Let's start with the part of Notting Hill that nobody can avoid. If you live or work around Portobello Road, you will soon grow accustomed to the hordes of tourists who descent on the street at the weekends. They spill out of Notting Hill Gate Tube from early on Saturday morning, emerging blinking into the daylight in couples or small groups. Whatever corner of the globe they may have come from, one common goal unites them; they are here to find the Blue Door, and the bookshop from Richard Curtis' 1999 film Notting Hill. 

Dressed in macs and puffer jackets and clutching phones and maps close to their chests, they ask passers by and shopkeepers for directions. Nosing their way to the top of Portobello Road, they descend its hilly decline and, if successful, find themselves outside 13-15 Blenheim Crescent where the sign marking the Travel bookshop hangs. Despite the fact that Notting Hill is, in my opinion, one of the best rom-coms ever made, I shan't dwell on that for too much longer and instead am excited to share an insight into Notting Hill as an area. 

It's fair to say that Notting Hill is one of London’s most iconic neighbourhoods; a picture-perfect enclave of leafy streets, cobbled mews, colourful houses and classic cars. But for all of its polished concept stores and groomed dogs (with their equally coiffured owners), the soul of the area still remains. You may have taken a dive into the swell of nipple tassel-wearing crowds that flood its street during carnival, or visited on a Saturday when Portobello Market swings into action selling every semi-broken antique imaginable. Walking its streets, you’ll find stylish locals, buskers, food stalls, steel drum players and fragrant spice shops.


From some angles, Notting Hill looks the same as it did in the 90's when Hugh Grant and his puppy-dog eyes made it a tourist hot spot, but it’s also a place overflowing with young people, buzzy bars, contemporary art and some great cooking. The food scene isn’t the most talked about in the city, but scratch the surface and you’ll find a bellyful of cutting-edge eateries run by ambitious chefs, alongside traditional 'caffs' that have been serving the same full English and bowls of tea since the 60s. Like the world-famous market itself, all you have to do is a little digging.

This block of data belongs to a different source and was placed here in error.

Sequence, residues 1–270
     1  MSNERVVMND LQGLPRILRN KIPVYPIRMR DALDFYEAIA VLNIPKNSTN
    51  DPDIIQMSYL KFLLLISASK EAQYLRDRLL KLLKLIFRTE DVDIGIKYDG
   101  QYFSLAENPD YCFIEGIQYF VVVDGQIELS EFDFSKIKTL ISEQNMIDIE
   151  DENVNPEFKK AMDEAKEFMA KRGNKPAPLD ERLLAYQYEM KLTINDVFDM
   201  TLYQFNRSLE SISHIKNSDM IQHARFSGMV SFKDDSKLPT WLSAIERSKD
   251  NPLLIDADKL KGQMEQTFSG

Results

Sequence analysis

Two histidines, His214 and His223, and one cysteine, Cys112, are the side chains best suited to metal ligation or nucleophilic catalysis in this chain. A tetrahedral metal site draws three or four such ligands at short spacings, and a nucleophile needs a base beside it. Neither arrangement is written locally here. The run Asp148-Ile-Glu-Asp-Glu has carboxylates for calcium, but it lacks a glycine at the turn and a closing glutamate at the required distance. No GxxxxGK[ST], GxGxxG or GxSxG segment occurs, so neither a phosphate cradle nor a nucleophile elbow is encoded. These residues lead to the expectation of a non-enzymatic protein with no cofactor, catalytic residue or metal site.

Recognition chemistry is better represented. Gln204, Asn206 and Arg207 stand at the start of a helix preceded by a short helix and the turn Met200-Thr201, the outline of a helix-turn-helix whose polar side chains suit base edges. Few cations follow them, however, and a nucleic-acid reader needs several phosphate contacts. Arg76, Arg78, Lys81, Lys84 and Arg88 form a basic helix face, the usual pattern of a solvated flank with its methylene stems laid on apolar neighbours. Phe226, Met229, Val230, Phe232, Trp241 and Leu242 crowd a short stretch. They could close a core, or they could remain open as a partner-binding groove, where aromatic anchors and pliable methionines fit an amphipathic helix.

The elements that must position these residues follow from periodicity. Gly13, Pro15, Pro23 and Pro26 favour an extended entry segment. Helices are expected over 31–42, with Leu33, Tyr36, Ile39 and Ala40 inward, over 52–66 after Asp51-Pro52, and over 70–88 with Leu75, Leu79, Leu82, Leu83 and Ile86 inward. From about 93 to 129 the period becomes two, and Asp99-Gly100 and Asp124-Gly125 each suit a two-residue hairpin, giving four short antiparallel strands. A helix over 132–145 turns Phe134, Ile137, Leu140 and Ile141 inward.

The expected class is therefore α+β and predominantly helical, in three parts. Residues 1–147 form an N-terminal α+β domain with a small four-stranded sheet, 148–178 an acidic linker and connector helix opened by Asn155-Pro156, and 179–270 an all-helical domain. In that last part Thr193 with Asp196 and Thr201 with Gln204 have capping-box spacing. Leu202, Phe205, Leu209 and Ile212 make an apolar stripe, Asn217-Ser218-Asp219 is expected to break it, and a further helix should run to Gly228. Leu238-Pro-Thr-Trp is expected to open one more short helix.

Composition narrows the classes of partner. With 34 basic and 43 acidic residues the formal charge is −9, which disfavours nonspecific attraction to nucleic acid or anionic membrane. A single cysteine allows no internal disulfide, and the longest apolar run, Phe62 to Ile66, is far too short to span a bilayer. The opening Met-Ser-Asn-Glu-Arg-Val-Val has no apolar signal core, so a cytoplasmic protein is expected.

I, myself, have spent many an enjoyable Saturday walking the length of Portobello Road with the market in full swing, admiring the stalls that have appeared overnight, which transform it into an eclectic fair selling everything from records and vintage clothes to spicy street food and fruit and veg. Each section of the road reveals its own distinct character, its own sights, sounds, smells and atmosphere - from the rough and ready bric-a-brac at its northern end to the more expensive antiques on offer the closer you get to Notting Hill Gate.


Today, I want to disclose FIVE spots that I'd wholeheartedly recommend you all visit when in the area.


If you’re looking for some seriously pretty lattés and a quaint atmosphere on your trip to Notting Hill, then you need to look no further than Farm Girl Cafe. Farm Girl offers laidback, healthy Aussie eating with dishes that will leave you all heart-eyed emoji’ed.

Step through Farm Girl's white door and you'll find a sun trap of a courtyard leading into the cafe. Its location makes it ideal for filling up during a dash around Portobello Market or easy lunch dates for lucky locals.


Everything about Farm Girl is perfect Instagram fodder; from the courtyard with bleached white walls to the perfectly imperfect ceramic tableware. The walls are hung with turquoise tiles that remind you of the sea and summer, the ceilings cling onto glowy pendant lights and the wooden floor supports a bar piled high with freshly baked bread and delicious-looking cakes. There's no denying the team have created a very pretty space that you could easily imagine on the sunny streets of LA or Melbourne.


Even without the pretty aesthetics, the food stands strong. I'm a real lover of brunch food and so I'm always overjoyed to find brunch-like options available all day - automatic win for me. As a frequent visitor, I've tried quite a lot of the menu and can confirm that most things are pretty damn great - especially the Insta-classic avo-on-toast, the Buckwheat pancakes which are fluffy and moorish and the "BLT", made with coconut curls instead of bacon, which for an avid meat eater, really surprised me in a good way.